Rexahn: Holes Galore in Serdaxin Data
More from the Rexahn press release:
"The trial also validates the earlier results which demonstrated Serdaxin to be safe and well tolerated without the appearance of serious side effects that are commonly linked to currently marketed antidepressant drugs, such as selective serotonin uptake inhibitors (SSRI), serotonin-norepinephrine reuptake inhibitors (SNRI), and tricyclic antidepressants (TCA). Even though the overall study did not achieve statistical significance, we believe, based on the statistically significant subgroup results, Rexahn plans to commence a Phase IIb clinical trial in the second half this year."
Ah, so here's where Rexahn tells investors that the study failed overall. Now, I'm actually willing to cut Rexahn a little slack here. A study enrolling 77 patients across four treatment arms is probably not powered strongly enough to achieve statistical significance. However, that doesn't give the company license to data-mine the study and declare victory because some arbitrarily defined subgroup of a subgroup appears to have responded to the drug.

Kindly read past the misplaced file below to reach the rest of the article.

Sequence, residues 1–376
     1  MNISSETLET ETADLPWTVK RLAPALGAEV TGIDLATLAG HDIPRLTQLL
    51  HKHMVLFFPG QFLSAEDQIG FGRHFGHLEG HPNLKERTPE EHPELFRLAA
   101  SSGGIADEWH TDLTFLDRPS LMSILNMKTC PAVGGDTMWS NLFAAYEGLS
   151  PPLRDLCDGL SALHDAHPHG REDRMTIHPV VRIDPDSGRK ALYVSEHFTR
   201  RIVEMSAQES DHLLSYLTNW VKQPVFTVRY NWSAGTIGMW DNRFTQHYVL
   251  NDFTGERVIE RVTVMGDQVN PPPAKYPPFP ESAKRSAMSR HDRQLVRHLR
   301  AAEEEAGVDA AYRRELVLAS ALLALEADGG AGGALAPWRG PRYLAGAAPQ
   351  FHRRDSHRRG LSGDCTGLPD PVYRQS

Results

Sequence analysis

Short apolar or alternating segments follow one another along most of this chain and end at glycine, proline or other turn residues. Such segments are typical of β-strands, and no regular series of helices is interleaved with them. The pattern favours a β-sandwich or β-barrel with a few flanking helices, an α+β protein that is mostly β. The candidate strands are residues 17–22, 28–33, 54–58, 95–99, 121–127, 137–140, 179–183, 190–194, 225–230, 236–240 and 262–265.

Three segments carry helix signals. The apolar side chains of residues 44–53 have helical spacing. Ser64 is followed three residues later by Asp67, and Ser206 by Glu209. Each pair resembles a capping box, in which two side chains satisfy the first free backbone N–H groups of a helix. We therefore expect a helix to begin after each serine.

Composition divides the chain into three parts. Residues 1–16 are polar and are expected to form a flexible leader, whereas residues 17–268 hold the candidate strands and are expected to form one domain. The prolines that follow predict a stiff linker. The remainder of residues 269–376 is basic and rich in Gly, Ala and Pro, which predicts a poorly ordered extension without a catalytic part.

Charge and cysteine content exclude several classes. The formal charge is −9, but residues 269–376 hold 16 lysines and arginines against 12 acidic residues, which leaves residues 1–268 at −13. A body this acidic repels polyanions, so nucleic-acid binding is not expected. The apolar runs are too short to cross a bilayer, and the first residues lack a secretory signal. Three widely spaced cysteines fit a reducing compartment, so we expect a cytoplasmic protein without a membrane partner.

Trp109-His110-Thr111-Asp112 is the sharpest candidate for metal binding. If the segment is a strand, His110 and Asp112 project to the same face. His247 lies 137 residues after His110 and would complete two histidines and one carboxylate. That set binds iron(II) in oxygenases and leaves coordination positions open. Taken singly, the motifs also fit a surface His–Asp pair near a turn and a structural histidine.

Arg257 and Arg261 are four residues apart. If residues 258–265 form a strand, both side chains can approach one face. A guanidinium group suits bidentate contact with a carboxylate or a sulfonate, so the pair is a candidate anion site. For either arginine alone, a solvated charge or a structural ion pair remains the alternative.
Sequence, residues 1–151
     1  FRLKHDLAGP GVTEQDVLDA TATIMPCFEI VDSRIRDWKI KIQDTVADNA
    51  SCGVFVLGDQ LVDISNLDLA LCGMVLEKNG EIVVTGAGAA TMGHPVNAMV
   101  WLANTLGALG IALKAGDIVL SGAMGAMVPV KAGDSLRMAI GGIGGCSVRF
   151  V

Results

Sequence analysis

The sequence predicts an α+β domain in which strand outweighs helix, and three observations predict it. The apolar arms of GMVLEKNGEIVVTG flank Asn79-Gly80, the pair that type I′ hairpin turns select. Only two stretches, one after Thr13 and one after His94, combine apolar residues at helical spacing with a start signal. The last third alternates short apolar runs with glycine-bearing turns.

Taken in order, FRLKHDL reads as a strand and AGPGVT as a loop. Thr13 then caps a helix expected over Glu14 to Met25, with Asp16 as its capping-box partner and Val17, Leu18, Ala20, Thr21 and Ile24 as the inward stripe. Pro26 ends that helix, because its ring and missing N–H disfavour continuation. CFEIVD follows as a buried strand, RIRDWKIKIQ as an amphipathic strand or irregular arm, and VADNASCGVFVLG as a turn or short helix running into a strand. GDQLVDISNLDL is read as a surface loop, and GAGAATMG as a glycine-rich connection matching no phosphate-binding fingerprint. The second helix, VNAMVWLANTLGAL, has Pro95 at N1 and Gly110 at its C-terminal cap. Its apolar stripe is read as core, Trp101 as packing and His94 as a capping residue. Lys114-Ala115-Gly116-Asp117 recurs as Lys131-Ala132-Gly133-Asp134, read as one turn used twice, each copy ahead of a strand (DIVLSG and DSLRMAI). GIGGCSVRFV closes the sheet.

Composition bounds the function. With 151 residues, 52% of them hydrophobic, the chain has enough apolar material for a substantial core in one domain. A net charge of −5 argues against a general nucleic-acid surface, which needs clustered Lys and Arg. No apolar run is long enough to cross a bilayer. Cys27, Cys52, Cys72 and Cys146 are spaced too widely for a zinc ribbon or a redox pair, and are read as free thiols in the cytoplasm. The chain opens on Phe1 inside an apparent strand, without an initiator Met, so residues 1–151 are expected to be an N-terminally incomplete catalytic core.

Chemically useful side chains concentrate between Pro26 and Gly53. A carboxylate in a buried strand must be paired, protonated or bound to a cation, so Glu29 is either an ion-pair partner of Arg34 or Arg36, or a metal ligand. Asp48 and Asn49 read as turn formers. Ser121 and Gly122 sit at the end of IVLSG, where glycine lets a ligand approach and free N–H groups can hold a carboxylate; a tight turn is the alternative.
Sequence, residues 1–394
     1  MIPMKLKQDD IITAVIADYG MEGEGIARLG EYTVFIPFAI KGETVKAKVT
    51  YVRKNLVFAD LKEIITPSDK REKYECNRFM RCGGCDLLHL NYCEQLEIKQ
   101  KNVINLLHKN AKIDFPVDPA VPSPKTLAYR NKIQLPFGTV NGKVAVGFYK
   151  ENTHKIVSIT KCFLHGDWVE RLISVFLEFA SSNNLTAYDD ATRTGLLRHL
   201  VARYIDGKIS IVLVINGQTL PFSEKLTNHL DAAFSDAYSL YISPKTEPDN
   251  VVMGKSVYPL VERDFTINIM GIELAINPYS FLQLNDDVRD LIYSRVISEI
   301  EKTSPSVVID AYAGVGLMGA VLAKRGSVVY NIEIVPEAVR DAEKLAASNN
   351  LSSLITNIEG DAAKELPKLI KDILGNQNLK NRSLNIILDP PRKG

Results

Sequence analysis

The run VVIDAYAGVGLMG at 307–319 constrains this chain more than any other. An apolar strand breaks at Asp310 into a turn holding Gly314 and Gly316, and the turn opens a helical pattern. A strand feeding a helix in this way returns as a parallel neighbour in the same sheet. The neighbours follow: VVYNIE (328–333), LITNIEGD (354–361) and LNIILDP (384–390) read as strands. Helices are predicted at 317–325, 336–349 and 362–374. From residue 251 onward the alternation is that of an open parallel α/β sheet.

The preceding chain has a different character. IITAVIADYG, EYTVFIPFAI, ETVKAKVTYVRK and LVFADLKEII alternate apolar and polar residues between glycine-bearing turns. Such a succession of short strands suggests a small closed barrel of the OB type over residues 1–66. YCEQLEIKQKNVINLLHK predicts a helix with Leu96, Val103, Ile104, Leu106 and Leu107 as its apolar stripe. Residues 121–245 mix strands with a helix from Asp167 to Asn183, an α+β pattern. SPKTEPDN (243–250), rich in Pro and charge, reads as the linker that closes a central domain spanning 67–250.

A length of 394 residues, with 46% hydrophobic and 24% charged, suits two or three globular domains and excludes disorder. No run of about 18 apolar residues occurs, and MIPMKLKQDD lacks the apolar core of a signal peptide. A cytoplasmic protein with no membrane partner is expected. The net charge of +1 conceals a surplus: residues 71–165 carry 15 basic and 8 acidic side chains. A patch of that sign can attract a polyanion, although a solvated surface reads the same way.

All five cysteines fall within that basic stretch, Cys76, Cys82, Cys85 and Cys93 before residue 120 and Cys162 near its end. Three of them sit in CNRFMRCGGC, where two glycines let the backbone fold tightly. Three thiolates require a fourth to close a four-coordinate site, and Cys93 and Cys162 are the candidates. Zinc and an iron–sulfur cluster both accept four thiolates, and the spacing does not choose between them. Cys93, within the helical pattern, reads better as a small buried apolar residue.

Moreover, Rexahn does a lousy job of disclosing the side effect profile of Serdaxin. All drugs have side effects, yet Rexahn tells us nothing except that patients didn't experience side effects commonly seen with other currently marketed anti-depressants.But what about side effects commonly seen in patients taking clavulanic acid, which is the active ingredient in Serdaxin? Clavulanic acid is an old drug and a component of the antibiotic Augmentin, used to overcome resistance to certain strains of bacteria. [Rexahn chooses not to include any of this information in its press release either, but that's what Google is for. Use it.] I wonder if the millions of people treated with Augmentin over the years have ever reported feeling happier and/or less depressed? Rexahn has some animal data showing anti-depressant attributes of clavulanic acid (Serdaxin) but judging by the phase II study in humans, the company has a lot of work to do before it can make the case for developing an old-school antibiotic resistance fighter into a new, cutting edge anti-depressant. Towards the end of Rexahn's press release, we get this information: "Rexahn is currently in discussions with several major pharmaceutical companies with the goal of identifying a potential strategic partner to assist in the development and commercialization of Serdaxin. However, there can be no assurances that these discussions would result in a commercial arrangement." Says who? Rexahn? Statements like this are one sided and meaningless. The suggestion that a large drug company is going to risk tens of millions of dollars in drug developing monies, perhaps even more, based on results culled from a retrospective analysis of 14 patients seems more than a bit far fetched. Rexahn might be having discussions with several major pharmaceuticals firms, but the conversation is probably a bit one-sided and might sound something like this: "Thanks Rexahn, but call us back when you have more data." When I last wrote about Rexahn in February, I rapped chief executive Chang Ahn on the knuckles gently for spending too much time promoting his stock and too little effort on qualit, drug development. In particular, I urged Ahn to be more transparent with his clinical data. Judging by last week's press release, Ahn still isn't listening to good advice offered. On a related note: Investors interested in strong phase II data in depression should take a look at Targacept (TRGT) and its drug TC-5214. -- Reported by Adam Feuerstein in Boston. Follow Adam Feuerstein on Twitter.
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